The Working Poor & New Entrants project is an analysis of the working poor population in fifteen metropolitan areas across the United States between the years of 1990 to 2005. It explores the commonalities and diversity of the various populations, examines the geographical distribution of the working poor communities within a metropolitan area, and seeks to identify the predicting factors that make an individual more likely to be working poor using statistical regression models.
The scope of the project will result in a report that explores the paradox of working poverty across fifteen metropolitan areas in the United States in recent years. A closer examination will be made of the immigrant and African American working poor – two groups that comprise a substantial share of all working poor populations in our selected regions. We look at trends among immigrant and African American groups individually and also in the context of their region because we believe that studying working poverty through both lenses is integral for thinking through solutions to the problem. Our logistic regressions analysis will highlight how the determinants of working poverty vary significantly from region to region.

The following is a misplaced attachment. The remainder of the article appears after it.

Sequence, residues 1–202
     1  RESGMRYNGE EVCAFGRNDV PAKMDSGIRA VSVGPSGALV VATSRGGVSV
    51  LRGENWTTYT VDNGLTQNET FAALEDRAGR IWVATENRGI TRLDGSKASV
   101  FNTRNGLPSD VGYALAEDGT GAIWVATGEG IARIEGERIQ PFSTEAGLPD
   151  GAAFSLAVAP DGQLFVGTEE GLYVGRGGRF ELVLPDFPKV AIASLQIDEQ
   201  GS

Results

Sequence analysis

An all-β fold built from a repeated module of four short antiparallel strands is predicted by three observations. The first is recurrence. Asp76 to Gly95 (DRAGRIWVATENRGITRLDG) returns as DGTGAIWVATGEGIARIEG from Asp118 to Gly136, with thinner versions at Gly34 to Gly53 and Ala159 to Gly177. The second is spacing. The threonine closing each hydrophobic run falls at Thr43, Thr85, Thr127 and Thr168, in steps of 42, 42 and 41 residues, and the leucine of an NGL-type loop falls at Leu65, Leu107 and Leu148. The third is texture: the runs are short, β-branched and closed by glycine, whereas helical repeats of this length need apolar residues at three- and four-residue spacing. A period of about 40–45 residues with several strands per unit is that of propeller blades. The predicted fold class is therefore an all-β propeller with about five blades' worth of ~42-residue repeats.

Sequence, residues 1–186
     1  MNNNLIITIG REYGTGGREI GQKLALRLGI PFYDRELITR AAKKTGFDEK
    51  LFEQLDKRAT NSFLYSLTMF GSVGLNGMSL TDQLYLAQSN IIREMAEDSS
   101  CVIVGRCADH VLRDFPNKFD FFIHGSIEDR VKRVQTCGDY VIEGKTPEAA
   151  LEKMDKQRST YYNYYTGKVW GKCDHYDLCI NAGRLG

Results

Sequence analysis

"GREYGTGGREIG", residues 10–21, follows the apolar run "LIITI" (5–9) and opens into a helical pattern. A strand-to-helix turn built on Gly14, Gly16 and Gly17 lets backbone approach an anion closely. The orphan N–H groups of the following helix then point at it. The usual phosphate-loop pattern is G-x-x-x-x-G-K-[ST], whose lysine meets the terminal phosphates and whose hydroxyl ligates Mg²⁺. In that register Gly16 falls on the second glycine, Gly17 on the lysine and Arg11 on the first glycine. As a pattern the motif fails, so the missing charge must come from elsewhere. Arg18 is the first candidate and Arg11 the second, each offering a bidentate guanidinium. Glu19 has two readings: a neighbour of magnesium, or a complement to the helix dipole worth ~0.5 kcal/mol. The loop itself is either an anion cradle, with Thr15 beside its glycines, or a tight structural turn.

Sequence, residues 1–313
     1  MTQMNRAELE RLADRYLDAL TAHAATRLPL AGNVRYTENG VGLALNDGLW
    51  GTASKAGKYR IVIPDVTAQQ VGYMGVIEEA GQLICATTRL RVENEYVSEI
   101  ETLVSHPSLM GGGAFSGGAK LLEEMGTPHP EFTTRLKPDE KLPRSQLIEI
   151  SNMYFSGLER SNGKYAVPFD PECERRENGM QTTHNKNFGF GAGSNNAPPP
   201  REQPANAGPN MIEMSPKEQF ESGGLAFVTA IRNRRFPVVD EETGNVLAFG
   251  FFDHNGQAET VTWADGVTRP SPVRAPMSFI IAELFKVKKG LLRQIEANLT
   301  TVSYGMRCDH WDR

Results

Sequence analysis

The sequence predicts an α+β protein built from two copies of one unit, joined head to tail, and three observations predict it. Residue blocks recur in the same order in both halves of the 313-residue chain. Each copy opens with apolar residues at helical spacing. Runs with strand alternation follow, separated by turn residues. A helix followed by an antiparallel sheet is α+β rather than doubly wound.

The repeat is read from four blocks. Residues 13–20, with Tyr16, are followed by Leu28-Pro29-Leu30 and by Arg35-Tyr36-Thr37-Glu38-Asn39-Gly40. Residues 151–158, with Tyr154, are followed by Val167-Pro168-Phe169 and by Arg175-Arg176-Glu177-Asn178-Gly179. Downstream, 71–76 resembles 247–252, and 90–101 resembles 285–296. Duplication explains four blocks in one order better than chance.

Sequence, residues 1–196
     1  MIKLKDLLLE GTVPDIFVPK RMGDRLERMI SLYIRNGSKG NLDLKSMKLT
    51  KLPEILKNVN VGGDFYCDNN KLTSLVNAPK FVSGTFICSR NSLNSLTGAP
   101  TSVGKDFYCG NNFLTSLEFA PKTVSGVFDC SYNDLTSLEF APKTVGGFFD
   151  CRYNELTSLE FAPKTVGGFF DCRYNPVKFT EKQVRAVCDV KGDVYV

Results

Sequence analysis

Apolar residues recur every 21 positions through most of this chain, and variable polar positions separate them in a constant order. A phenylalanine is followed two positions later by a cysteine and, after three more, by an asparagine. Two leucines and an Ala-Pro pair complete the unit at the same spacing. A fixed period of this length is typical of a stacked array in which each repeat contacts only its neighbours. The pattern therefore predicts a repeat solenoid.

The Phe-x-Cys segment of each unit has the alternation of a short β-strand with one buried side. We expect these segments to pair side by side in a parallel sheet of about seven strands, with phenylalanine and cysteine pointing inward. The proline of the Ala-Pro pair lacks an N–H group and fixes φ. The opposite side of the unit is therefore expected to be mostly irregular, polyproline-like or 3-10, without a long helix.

The findings from the project will guide policy recommendations for job training, service delivery, and future research on working poverty. This project has received modest funding from the Ford Foundation via a subcontract from UCLA.
Doing Everything Right, Still Getting It Wrong: The Evolution and Composition of the Working Poor in Fifteen U.S. Metropolitan Areas, 1990-2005
Manuel Pastor and Jennifer Tran